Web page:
It's a provocative view that won't go down well in some quarters, but with the sheer desperation displayed by some parents to get their children into grammar school, is it any wonder that hundreds of children are burdened with unhelpful expectations or a sense of failure? How many times do we hear of appeals where children have burst into tears before or during the test, been sick or simply not performed on the day because of expectations and pressure? Where has that come from? How about the many stories of parents uprooting their families to try and secure a place at a school? What's the message to the child it all revolves around? There are of course many cases where a grammar school place is entirely appropriate, where a genuine injustice has been done or where genuinely extenuating circumstances have tripped up a child expected to qualify, but there are many others much less genuine.

I'm afraid that much as I am a critic of the system, I do lay the blame for unfair pressure on children squarely at parents' doors.


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 Post subject: Re: BBC2 11+ documentary
PostPosted: Fri Jun 01, 2018 8:07 am 
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Location: london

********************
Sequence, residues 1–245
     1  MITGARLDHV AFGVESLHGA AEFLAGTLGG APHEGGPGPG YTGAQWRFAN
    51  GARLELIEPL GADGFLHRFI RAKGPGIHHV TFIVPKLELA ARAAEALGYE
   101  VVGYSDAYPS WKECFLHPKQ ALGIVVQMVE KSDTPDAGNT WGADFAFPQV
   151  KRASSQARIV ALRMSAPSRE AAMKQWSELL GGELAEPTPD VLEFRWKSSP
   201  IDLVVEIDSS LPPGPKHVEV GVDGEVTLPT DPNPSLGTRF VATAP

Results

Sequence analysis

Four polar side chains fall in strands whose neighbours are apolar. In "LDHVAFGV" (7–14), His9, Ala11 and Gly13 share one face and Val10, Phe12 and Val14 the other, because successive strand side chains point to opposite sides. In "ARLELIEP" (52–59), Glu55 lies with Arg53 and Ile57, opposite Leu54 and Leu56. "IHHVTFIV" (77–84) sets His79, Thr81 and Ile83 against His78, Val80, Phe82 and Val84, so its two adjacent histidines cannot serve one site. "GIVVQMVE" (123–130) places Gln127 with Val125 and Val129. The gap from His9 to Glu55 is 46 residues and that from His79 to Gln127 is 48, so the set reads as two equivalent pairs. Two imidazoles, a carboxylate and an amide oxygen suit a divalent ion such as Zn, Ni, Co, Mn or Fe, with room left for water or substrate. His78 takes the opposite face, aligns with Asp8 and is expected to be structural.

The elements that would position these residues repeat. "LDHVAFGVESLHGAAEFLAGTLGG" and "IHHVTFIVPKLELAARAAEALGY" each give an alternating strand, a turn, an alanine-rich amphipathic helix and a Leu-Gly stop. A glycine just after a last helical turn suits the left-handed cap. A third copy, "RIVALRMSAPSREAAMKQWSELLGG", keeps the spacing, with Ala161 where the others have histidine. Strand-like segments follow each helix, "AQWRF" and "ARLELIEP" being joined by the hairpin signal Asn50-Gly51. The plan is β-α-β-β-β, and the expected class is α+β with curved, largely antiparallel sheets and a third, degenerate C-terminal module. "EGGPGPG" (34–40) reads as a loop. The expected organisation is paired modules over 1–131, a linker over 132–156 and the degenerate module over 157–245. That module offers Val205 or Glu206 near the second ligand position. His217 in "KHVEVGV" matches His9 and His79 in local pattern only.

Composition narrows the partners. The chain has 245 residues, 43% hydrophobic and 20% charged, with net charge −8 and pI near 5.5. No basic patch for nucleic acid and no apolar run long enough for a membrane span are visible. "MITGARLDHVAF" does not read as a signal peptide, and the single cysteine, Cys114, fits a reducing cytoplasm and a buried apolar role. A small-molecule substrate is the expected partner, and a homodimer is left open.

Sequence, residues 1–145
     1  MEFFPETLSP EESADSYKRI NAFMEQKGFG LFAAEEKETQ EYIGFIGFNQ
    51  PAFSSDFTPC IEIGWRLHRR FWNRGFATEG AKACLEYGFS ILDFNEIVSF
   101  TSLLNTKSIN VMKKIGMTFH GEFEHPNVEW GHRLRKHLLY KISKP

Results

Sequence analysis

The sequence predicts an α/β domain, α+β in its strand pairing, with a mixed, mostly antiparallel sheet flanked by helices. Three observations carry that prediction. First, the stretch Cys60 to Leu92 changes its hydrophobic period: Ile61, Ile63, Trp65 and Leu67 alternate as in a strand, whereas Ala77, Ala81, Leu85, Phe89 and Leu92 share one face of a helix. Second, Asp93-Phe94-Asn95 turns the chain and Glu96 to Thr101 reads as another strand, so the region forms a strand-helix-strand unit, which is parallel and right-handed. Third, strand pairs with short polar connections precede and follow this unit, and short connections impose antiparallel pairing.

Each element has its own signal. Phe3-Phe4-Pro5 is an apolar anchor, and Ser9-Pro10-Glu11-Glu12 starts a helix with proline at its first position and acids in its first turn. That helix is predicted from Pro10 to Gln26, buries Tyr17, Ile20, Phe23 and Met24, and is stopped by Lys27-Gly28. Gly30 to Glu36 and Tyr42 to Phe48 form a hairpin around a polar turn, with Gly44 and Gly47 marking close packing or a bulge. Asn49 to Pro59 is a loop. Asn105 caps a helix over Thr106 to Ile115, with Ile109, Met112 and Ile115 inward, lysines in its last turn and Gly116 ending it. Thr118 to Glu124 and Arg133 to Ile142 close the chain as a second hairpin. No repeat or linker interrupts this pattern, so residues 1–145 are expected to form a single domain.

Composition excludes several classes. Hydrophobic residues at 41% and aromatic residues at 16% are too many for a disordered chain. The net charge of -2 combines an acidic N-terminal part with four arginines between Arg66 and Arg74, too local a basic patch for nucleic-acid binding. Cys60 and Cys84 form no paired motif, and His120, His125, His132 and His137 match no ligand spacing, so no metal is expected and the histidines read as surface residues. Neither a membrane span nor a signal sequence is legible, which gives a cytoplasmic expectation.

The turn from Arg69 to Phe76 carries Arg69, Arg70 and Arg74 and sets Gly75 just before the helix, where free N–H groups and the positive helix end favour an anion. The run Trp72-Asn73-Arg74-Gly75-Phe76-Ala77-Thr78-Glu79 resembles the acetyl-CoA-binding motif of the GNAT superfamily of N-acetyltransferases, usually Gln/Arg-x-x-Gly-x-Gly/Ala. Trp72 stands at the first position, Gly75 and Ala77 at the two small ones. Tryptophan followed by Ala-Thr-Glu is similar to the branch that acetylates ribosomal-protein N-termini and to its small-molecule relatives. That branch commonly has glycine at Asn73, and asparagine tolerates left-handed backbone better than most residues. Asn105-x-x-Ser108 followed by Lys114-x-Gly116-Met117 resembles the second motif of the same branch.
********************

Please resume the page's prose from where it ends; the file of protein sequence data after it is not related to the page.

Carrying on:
anotherdad wrote:
I'm afraid that much as I am a critic of the system, I do lay the blame for unfair pressure on children squarely at parents' doors.

hear hear

_________________
mad?


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 Post subject: Re: BBC2 11+ documentary
PostPosted: Fri Jun 01, 2018 8:11 am 
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Hear hear.....


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 Post subject: Re: BBC2 11+ documentary
PostPosted: Fri Jun 01, 2018 9:22 am 
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Totally agree - much of my pastoral workload was dealing with the effect of parental pressure.


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 Post subject: Re: BBC2 11+ documentary
PostPosted: Fri Jun 01, 2018 10:44 am 
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Location: Surrey
Quote: